The Home School Court Report
VOLUME XIX, NUMBER 4
- disclaimer -
July / August 2003


FEATURES
Homeschoolers shine at competitions
Ready for the new school year
Farris given prize
The tide turns with the Stumbo decision

Signs of the turning tide

Timeline of the Stumbo case

The Stumbos' thoughts
Bush signs bill to protect families

DEPARTMENTS
Along the way

The National Center for Home Education
Freedom Watch

Watching school choice issues
From the heart
Across the states
Members only
Active Cases
About Campus
President's page

Beyond our expectations

ET AL.

Prayer & Praise

a contrario sensu (on the other hand)

HSLDA social services contact policy/A plethora of forms

HSLDA legal contacts for March/April 2003



  LEGAL/LEGISLATIVE UPDATES  



ACROSS THE STATES

AL · AZ · CA · FL · HI · IA · IL · KS · MA · MD · ME · MI · MN · MO · MS · NC · NE · NV · NY · OH · OR · PA · PR · SD · TN · TX · UT · VA · WA · WV

NEBRASKA

Conscientious standoff

Neither the Nebraska Department of Education nor the Lincoln Public Schools quite know what to do with one Nebraska family who has strong religious objections to filling out the forms required by Rule 13. In January, the Thompson* family met with local public school officials to discuss the impasse. The principal suggested they simply alter the forms so that they could sign them with a clear conscience, and then see if the department would accept them.

In March, however, the department rejected the family's proposed changes, writing:

Our recollection . . . was that this Department would review proposed alterations to these forms if Mr. Thompson wished to submit or propose such changes, but that any proposals that altered these forms in a substantive way and/or proposed language that was not in compliance with statute or regulatory requirements concerning elections for exemptions could not be accepted. In other words, if a certain term or terms used in these forms caused the Thompson's [sic] to have objections or concerns, a synonymous or nearly a synonymous term or terms should be proposed. Clearly, the proposed amendments go well beyond this and do contravene Nebraska statutory and regulatory requirements for affecting [sic] an exemption. . . .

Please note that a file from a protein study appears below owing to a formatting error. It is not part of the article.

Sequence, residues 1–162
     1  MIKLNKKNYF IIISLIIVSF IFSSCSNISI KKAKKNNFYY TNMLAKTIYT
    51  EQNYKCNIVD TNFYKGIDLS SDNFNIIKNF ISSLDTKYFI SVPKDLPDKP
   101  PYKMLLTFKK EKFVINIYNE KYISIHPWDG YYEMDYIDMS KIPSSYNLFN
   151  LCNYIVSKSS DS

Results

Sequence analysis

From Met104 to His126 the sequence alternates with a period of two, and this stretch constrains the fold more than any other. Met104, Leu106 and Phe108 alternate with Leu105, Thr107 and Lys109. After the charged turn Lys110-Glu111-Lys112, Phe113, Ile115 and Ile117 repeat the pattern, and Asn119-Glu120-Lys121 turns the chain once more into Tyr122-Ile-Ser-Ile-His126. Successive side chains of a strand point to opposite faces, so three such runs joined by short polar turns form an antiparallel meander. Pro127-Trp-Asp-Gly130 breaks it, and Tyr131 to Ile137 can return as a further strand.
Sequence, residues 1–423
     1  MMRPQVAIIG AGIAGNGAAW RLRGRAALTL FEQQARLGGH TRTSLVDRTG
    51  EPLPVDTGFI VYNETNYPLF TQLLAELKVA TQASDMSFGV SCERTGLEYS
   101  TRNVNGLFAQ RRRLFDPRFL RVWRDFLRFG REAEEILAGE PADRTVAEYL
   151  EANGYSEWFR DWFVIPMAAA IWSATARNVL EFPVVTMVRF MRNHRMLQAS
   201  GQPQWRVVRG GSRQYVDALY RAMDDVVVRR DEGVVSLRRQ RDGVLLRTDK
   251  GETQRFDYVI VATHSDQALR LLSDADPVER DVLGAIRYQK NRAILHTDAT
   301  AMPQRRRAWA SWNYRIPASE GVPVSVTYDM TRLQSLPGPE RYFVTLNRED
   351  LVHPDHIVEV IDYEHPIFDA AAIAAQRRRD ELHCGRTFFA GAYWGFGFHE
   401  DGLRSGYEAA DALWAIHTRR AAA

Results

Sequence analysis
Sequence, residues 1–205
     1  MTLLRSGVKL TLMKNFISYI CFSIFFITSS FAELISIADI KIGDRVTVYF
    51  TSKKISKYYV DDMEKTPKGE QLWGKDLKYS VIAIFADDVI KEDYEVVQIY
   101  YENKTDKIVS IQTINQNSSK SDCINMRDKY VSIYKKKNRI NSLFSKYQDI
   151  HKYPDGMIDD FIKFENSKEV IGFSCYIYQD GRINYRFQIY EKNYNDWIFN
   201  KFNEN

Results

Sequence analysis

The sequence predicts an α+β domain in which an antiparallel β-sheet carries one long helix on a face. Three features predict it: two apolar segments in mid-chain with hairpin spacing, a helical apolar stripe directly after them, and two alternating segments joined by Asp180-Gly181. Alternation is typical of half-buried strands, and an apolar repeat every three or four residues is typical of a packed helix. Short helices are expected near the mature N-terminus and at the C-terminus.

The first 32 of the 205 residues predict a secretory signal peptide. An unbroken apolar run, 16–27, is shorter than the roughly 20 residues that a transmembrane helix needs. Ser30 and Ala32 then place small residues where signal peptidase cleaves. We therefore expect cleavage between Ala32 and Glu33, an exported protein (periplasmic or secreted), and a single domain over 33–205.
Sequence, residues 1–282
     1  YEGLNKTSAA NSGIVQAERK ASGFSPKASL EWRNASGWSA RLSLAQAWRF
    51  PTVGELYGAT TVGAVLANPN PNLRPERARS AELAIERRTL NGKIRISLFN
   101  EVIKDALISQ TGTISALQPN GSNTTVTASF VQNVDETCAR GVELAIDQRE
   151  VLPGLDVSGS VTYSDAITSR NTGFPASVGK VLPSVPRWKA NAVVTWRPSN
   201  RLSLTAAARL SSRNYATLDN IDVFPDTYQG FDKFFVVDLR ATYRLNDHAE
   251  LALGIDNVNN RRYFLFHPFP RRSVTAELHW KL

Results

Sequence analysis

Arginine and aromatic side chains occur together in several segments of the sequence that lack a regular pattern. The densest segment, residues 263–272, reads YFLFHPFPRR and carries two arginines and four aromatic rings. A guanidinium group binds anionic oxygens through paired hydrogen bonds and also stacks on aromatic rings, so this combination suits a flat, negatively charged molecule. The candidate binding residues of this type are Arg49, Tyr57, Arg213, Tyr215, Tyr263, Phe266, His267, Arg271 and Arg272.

The Thompson family was disappointed but not deterred by this response, even though police officers showed up at their house in early May. No further action has been taken against them; however, please pray for this family and other Nebraska homeschoolers with similar convictions.

Scott W. Somerville

* Family's name changed to protect privacy.